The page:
High Throughput Screening of Repurposing Libraries in Search for Drugs with Novel Inhibitory Activity Against Candida albicans and Candida auris Biofilm Formation




Ajetunmobi, Olabayo Harry

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Candida albicans remains the most common causative agent of candidiasis, but infections caused by non-albicans Candida species have become increasingly common. Candida auris, a multidrug-resistant fungal pathogen, is now classified as an urgent threat to public health by the U.S Centers for Disease Control and Prevention, and the Global Antimicrobial Resistance Surveillance System (GLASS) of WHO has highlighted the need for global surveillance schemes to identify and monitor antifungal resistance in Candida. Biofilms formed by these organisms are typically challenging to treat as they have been reported to be resistant to currently available antifungal drugs. Therefore, it is essential to identify novel drugs with antifungal activity to adequately control and treat these infections. Here we have used a drug repurposing approach to tackle this problem. In this project, we have screened several repurposing libraries to identify drugs with novel anti-biofilm activity against C. albicans and C. auris. A screen of the Pandemic Response Box identified everolimus, MMV1633966 and MMV1593537 as active against C. albicans and C. auris biofilm formation. After developing a new 384-well plate-based model of Candida biofilm formation that allows for true high throughput screening, we screened the Calibr ReFRAME and Repurposing Hub libraries. We confirmed 101 hit compounds against C. albicans from the ReFRAME library and we further characterized three leading repositionable candidates tazomeline, AXT-914, and CI 201. We identified 25 repositionable candidates active against C.albicans from the Repurposing Hub with BAY 11-7082 and temsirolimus being the leading repositionable candidates. Our results confirm the validity of a repurposing approach, where the leading compounds could be repositioned as antifungals to combat the threat of Candida biofilms, and potentially other fungal infections.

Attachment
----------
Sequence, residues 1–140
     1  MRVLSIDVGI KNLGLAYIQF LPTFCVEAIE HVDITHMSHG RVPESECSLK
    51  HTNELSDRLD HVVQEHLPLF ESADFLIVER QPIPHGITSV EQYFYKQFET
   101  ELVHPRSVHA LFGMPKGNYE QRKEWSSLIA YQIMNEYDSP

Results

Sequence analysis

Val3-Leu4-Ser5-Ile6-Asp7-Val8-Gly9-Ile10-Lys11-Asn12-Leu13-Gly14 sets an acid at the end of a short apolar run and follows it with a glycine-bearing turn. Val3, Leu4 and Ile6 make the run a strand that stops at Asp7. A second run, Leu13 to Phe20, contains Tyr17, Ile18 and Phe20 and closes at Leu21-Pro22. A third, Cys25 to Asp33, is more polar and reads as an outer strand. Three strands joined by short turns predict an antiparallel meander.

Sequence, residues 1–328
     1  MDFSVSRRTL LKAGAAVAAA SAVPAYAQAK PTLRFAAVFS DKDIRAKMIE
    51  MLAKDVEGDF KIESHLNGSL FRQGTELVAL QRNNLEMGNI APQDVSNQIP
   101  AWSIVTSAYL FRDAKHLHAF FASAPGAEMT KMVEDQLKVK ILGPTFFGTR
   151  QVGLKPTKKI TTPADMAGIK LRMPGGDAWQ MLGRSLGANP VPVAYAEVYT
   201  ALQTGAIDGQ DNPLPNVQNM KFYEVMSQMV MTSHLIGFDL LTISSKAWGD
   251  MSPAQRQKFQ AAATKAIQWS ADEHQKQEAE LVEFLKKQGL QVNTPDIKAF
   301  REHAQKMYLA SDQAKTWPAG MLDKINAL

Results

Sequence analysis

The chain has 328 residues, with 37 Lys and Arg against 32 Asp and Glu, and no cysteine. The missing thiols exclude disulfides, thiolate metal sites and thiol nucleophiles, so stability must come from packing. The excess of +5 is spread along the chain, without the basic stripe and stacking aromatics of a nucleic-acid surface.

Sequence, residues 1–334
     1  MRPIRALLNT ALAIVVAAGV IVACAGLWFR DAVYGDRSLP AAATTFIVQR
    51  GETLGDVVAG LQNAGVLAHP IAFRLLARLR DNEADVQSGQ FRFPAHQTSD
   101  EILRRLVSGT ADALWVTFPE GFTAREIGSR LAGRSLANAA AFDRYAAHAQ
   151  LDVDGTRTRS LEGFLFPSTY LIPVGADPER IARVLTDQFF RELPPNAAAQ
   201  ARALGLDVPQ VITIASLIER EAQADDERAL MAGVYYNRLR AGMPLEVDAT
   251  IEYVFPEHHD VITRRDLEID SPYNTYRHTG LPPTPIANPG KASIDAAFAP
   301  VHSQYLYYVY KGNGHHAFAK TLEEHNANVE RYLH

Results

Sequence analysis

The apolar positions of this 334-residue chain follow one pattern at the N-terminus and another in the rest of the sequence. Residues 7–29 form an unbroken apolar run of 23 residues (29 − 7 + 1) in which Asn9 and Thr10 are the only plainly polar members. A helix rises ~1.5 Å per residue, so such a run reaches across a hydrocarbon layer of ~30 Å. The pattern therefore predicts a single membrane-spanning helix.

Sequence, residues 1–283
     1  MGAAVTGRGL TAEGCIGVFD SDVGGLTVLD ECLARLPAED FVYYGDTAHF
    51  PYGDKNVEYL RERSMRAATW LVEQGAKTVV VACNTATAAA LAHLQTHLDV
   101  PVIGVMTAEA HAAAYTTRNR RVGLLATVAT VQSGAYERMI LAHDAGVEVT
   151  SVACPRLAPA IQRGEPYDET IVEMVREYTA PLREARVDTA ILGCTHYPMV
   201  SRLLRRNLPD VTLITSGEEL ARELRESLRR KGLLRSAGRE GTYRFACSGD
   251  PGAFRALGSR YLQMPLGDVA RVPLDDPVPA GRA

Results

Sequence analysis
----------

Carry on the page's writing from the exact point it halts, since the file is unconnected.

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Antifungal agents, Biofilm Formation, Candida albicans, Candida auris, Drug Repurposing, High Throughput Screening



Molecular Microbiology and Immunology